LONDON BSkyB plans to provide more and cheaper ways to access its premium content and Internet services to counter cash-rich rival BT's offer of free Premier League football to broadband customers.
The group, which has dominated pay-TV in Britain since Rupert Murdoch launched it in 1989 and reaches 10 million homes, said it would invest about 70 million pounds ($100 million) in the next financial year to improve on-demand programming and connectivity.
BSkyB said it will promote its Internet-connected set-top boxes which provide wifi in the home and allow users to view content on their televisions as well as providing access on laptops and tablets when they are out.
The company also announced full-year results in line with or above analysts' forecasts, a 500-million-pound share buy-back and an 18-percent dividend hike to try to temper investor concern over BT's entry into the market.
"This morning's results and accompanying commentary provide a clear reminder of BSkyB's underlying strengths including an unrivalled content proposition, loyal subscriber base, very strong cash flow and proven marketing skills," analysts at Westhouse said.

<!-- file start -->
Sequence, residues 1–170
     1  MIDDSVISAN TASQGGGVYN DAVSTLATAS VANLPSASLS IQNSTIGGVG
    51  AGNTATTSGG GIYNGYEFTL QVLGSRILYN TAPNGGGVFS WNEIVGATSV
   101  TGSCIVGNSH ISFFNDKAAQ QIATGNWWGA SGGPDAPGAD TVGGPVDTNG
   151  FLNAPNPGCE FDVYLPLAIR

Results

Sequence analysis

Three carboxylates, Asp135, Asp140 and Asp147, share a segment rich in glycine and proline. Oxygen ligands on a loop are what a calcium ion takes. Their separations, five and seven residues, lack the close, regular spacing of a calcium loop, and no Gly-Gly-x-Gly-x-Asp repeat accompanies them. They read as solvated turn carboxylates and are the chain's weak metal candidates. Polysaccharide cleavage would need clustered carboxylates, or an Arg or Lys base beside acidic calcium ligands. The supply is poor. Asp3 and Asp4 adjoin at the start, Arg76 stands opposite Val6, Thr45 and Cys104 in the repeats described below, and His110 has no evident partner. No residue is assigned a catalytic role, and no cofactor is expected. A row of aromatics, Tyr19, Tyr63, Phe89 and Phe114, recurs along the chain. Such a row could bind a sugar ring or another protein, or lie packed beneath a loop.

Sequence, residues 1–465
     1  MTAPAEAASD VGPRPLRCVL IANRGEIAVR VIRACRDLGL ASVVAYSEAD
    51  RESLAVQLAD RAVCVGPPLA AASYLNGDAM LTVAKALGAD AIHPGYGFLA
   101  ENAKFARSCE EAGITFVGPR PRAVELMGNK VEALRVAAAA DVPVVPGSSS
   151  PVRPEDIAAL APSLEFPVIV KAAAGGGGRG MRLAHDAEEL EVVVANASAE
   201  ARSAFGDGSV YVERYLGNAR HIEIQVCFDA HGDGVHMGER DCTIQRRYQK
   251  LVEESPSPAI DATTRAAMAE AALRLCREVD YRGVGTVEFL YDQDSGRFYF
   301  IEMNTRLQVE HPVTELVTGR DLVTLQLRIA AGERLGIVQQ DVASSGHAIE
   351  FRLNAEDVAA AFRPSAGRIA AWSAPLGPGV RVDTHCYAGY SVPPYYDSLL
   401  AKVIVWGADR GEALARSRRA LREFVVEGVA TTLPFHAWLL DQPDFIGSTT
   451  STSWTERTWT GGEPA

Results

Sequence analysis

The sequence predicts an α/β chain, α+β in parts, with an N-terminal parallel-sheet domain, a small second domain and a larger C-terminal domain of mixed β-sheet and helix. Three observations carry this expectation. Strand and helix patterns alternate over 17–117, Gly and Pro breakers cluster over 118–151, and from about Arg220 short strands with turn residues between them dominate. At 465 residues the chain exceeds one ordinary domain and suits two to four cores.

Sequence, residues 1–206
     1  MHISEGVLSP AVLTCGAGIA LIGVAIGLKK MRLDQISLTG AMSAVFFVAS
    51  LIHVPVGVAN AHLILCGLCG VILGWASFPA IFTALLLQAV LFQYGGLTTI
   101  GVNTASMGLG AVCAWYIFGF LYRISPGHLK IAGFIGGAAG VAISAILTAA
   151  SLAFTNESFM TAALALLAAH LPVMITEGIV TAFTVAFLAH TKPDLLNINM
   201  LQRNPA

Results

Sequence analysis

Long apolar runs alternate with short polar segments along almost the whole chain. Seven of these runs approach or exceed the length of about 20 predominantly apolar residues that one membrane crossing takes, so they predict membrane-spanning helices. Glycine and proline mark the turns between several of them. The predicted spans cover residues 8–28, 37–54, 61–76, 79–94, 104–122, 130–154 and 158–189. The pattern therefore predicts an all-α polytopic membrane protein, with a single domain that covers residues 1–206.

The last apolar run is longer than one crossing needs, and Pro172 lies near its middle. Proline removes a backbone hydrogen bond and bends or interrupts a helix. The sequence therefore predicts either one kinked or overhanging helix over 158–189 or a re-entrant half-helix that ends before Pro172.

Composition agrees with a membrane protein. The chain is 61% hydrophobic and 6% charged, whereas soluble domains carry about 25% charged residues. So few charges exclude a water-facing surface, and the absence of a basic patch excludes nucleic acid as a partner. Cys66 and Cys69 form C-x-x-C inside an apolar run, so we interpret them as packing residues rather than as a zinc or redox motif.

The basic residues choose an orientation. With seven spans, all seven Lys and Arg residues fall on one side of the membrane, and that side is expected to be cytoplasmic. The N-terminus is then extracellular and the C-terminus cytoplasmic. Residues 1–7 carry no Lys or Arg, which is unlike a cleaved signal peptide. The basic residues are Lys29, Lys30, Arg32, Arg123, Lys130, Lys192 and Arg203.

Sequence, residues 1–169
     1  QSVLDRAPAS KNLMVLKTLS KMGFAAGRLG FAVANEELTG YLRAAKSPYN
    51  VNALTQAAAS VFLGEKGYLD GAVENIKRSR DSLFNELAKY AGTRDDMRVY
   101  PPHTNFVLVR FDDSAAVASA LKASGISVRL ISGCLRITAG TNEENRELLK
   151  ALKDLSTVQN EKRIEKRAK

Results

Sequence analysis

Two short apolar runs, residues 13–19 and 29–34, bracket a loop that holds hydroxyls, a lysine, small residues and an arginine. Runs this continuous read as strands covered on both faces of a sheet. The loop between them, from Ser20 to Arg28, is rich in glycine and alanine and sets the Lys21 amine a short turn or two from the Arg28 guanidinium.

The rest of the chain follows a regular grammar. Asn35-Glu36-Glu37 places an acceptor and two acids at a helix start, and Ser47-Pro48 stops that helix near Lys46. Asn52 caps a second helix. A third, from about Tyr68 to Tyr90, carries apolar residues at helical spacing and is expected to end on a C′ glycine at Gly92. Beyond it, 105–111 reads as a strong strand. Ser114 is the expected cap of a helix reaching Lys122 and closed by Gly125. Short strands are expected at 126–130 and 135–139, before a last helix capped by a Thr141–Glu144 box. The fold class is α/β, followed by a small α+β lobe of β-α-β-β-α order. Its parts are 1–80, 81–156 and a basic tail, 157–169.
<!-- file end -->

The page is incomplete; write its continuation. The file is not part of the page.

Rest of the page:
"We believe these characteristics will stand it in good stead when facing down growing competition for new customers, particularly from BT."
Shares in BSkyB - known for years for promising "jam tomorrow" due to its ever-present investment needs - dropped 3.3 percent by 1030 GMT. Its stock fell sharply on May 9 when BT announced its plans for the free sports offering.
The move is consistent with the group's historical approach of providing technology to enable customers to pay increasing amounts to access premium content such as sports and movies.
"The main concern will be the additional investment, but we see this as a pull-forward of existing plans," Citi analysts said in a note. "And at any rate, this may not even impact consensus earnings per share in 2014 given the buyback. We see this as a strong set of results and rate BSkyB Buy."
Adjusted operating profit for the year was up 9 percent to 1.3 billion pounds, helped by an increase in the amount customers are willing to pay for the service to an average annual amount of 577 pounds.
(Editing by Louise Ireland)